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Murdoch Named PATRIOT Act Architect to Mop Up Paper's Eavesdropping Scandal; 'News of the World' to Close

One of Murdoch's UK papers is in trouble over hacking private cell phones, including one belonging to a murder victim--and some familiar US faces may be part of the coverup.

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The Journal did, however, disclose that it has paid settlements to several celebrities whose phones were hacked by the News of the World, and that those settlements were part of the work of a management-standards committee "overseen by News Corp. board members Joel Klein and Viet Dinh," who are also "deal[ing] with police." Dinh, while an assistant attorney general in the Bush administration, "played a key role in drafting the administration's USA Patriot Act," according to the Washington Post.

Where are the Watchdogs?

While the good-journalism watchdogs and groups are paying keen attention to the more sensational aspects of this latest Murdoch scandal, only scant attention (Media Matters being the exception) is being dealt to the Journal's abysmal editorial standards regarding full disclosure and political involvement. The hacking of individual phones constitutes an horrific breach of individual privacy, and the News of the World's reporting makes a travesty of the idea of journalism ethics.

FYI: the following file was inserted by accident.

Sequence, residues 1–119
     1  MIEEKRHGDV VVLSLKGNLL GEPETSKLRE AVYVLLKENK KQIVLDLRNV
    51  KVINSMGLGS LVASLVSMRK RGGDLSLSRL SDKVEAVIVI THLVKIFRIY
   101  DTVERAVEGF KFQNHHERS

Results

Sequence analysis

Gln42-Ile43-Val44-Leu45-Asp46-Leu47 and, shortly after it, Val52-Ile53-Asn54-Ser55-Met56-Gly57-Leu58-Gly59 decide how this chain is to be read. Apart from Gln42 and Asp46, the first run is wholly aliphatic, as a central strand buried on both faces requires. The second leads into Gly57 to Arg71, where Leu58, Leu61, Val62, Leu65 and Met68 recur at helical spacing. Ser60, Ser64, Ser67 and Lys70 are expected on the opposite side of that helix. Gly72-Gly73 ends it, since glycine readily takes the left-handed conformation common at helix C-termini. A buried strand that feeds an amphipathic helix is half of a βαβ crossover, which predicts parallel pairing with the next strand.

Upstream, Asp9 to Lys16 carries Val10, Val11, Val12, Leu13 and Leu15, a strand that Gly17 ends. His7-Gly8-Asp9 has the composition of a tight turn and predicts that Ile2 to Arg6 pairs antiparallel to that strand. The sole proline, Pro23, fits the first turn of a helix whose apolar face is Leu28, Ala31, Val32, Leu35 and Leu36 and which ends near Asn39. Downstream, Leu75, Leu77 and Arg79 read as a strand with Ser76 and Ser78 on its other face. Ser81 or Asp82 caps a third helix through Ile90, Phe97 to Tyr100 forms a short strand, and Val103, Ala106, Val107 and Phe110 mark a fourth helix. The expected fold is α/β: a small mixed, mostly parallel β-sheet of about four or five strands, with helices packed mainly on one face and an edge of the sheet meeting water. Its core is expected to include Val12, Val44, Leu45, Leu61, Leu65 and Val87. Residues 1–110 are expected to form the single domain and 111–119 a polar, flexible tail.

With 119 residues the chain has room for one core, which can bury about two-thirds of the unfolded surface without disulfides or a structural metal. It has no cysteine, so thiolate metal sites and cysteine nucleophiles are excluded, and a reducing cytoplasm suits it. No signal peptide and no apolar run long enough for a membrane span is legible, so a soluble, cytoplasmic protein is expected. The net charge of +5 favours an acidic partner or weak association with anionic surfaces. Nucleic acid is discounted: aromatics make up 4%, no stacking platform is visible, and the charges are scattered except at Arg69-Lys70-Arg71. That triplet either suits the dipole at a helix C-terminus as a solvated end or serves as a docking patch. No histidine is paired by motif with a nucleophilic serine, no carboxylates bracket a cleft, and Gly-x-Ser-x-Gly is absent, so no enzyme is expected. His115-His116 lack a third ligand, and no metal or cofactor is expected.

Yet the double-dealing of the Wall Street Journal -- its failure to disclose its executives' involvement in either the British phone-hacking scandal or the American political group from which at least one receives compensation -- corrupts the political culture of the United States. It's almost like somebody's afraid of Rupert Murdoch.

Adele M. Stan is AlterNet's Washington bureau chief. Follow her on Twitter: